Merwin Goldsmith (Irvin) has appeared on Broadway in 70 Girls 70, Grand Hotel, Me and My Girl, and Minnie's Boys, and Off-Broadway in Two Thousand Years, Beau Jest, An Imaginary Life and After Play. Film credits include Company Man, Quiz Show, Cadillac Man, Making Mr. Right, Rounders and So Fine. Regionally, he has been featured at The Wilma Theater, Goodman Theatre, Syracuse Stage, Long Wharf Theatre and Paper Mill Playhouse.
Jeb Kreager (Policeman) won a Barrymore Award for Outstanding Leading Actor in InterAct Theatre Company's production of Frozen and has received three Barrymore Award nominations for Outstanding Supporting Actor in Theatre Exile's Mr. Marmalade, People's Light & Theatre Company's The Foreigner, and 1812 Production's Recent Tragic Events as well as a Barrymore Award nomination for Outstanding Ensemble in Stupor with New Paradise Laboratories. He was a two-time finalist for the F. Otto Haas Award for an Emerging Artist. Locally he has also appeared at Delaware Theatre Company, Walnut Street Theatre and Arden Theatre Company.
Maurice McRae (Levee) appeared Off-Broadway at the Peccadillo Theatre Company in All God's Chillun Got Wings. He has also performed at LA Center Theatre in the West Coast premiere of A House with No Walls as and Whitefire Theatre, Long Beach Playhouse, Lillian Theatre and Harmon Theatre. His television credits include 24, JAG and Guiding Light.
Laurence O'Dwyer (Sturdyvant) is an Associate Artist at CenterStage where he has appeared in numerous productions. Nominated for a Helen Hayes Award for The Fantasticks at Arena Stage and winner of the 2009 Best Actor Award from Baltimore Magazine, he has been a frequent guest at Goodman Theatre, Dallas Theater Center, McCarter Theatre, Yale Repertory Theatre and Washington Shakespeare Theatre.
Ernest Perry (Slow Drag) was last seen in Philadelphia at Arden Theatre Company in Fences. He has appeared in numerous productions at Goodman Theatre, Milwaukee Repertory Theatre, Chicago Shakespeare Theatre, Cleveland Playhouse, Actor's Theatre Of Louisville, and LaJolla Playhouse. Film credits include The Color of Money, Rage in Harlem and Liar, Liar. On television he has been featured on Early Edition, E/R, The Untouchables and Lady Blues.
Ma Rainey's Black Bottom introduces PTC audiences to a creative team of William Foster McDaniel - music director; Riccardo Hernandez - set designer; Candice Donnelly - costume designer; Rui Rita -lighting designer; and David Budries - sound designer.
Founded in 1974, PTC is a leading regional theater company whose mission today is to produce, develop and present entertaining and imaginative contemporary theater focused on the American experience that both ignites the intellect and touches the soul. Sara Garonzik has been the company's Producing Artistic Director since 1982, and in 2007, Diane Claussen became its Managing Director. Philadelphia Theatre Company continues to experience ever-increasing national impact, having produced 34 world premieres of new American plays and musicals in its 34 seasons. Recent world premiere productions include: Red Hot Patriot: The Kick-Ass Wit of Molly Ivins, both Golden Age and Unusual Acts of Devotion by Terrence McNally; The Happiness Lecture by Bill Irwin; Nerds://A Musical Software Satire by Jordan Allen-Dutton, Erik Weiner, and HAl Goldberg; Some Men by Terrence McNally (later produced at the Second Stage); Adrift in Macao, a musical by Christopher Durang and Peter Melnick (produced at Primary Stages); Bruce Graham's According to Goldman; Jeffrey Hatcher's A Picasso (later produced at Manhattan Theatre Club); Daniel Stern's comedy Barbra's Wedding (moved to the Westside Arts Theatre in 2003); John Henry Redwood's No Niggers, No Jews, No Dogs (later produced at Primary Stages); J.T. Rogers' White People; David Ives' Lives of the Saints; three-time Tony Award-winning Master Class by Terrence McNally, starring Zoe Caldwell; Bunny Bunny by Alan Zweibel (Lucille Lortel Award, 1997); and the American premiere of Birdy by Naomi Wallace, among others.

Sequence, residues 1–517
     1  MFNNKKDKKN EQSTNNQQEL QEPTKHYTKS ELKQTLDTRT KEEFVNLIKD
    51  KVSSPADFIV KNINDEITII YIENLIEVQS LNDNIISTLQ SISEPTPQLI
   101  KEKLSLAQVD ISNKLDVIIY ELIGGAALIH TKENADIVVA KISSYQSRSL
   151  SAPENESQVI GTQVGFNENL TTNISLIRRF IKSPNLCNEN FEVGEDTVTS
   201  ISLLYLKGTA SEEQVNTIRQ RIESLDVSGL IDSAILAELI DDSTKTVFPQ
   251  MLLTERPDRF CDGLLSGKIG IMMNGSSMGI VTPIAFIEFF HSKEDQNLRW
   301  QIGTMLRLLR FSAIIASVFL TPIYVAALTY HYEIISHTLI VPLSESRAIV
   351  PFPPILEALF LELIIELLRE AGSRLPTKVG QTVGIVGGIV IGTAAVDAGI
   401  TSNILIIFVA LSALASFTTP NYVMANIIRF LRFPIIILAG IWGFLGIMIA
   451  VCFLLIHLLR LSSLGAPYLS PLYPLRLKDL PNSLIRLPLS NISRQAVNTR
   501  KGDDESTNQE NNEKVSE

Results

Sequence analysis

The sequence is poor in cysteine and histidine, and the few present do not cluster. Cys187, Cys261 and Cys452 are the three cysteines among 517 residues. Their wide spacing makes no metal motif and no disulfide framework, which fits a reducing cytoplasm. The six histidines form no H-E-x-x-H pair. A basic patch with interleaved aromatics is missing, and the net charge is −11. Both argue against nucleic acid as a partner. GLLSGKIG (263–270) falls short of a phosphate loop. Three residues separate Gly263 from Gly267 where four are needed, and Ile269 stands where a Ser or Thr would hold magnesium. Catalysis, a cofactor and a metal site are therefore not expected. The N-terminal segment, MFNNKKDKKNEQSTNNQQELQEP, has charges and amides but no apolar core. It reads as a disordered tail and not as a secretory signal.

Philadelphia Theatre Company is Philadelphia's only not-for-profit professional theater dedicated exclusively to producing world and regional premieres of works by contemporary American Playwrights. Sara Garonzik has been the company's Producing Artistic Director since 1982, and in 2007, Diane Claussen became its Managing Director. Philadelphia Theatre Company continues to experience ever-increasing national impact, having produced 34 world premieres of new American plays and musicals in its 34 seasons. Recent world premiere productions include: Unusual Acts of Devotion by Terrence McNally; The Happiness Lecture by Bill Irwin; Nerds://A Musical Software Satire by Jordan Allen-Dutton, Erik Weiner, and HAl Goldberg; Some Men by Terrence McNally (later produced at the Second Stage); Adrift in Macao, a musical by Christopher Durang and Peter Melnick (produced at Primary Stages); Bruce Graham's According to Goldman; Jeffrey Hatcher's A Picasso (later produced at Manhattan Theatre Club); Daniel Stern's comedy Barbra's Wedding (moved to the Westside Arts Theatre in 2003); John Henry Redwood's No Niggers, No Jews, No Dogs (later produced at Primary Stages); J.T. Rogers' White People; David Ives' Lives of the Saints; three-time Tony Award-winning Master Class by Terrence McNally, starring Zoe Caldwell; Bunny Bunny by Alan Zweibel (Lucille Lortel Award, 1997); and the American premiere of Birdy by Naomi Wallace, among others.
Philadelphia Theatre Company has received numerous "Best Theater Company" citations from media sources such as the Philadelphia Inquirer, Philadelphia Magazine, Philadelphia Weekly, Philadelphia Style Magazine, and Philadelphia City Paper. Since 1995, Philadelphia Theatre Company has received 135 nominations and 36 awards from Philadelphia's Barrymore Awards.
PTC is in its third season in its home, the Suzanne Roberts Theatre, designed by the award-winning firm of KieranTimberlake Associates LLP. This state-of-the-art venue on Philadelphia's Avenue of the Arts was built as the result of an innovative partnership between PTC and Philadelphia developer Carl Dranoff. The project promotes the city's leading arts district both regionally and nationally and represents a model for civic development that capitalizes on the ability of the arts to reinvigorate urban districts for residential and commercial revival.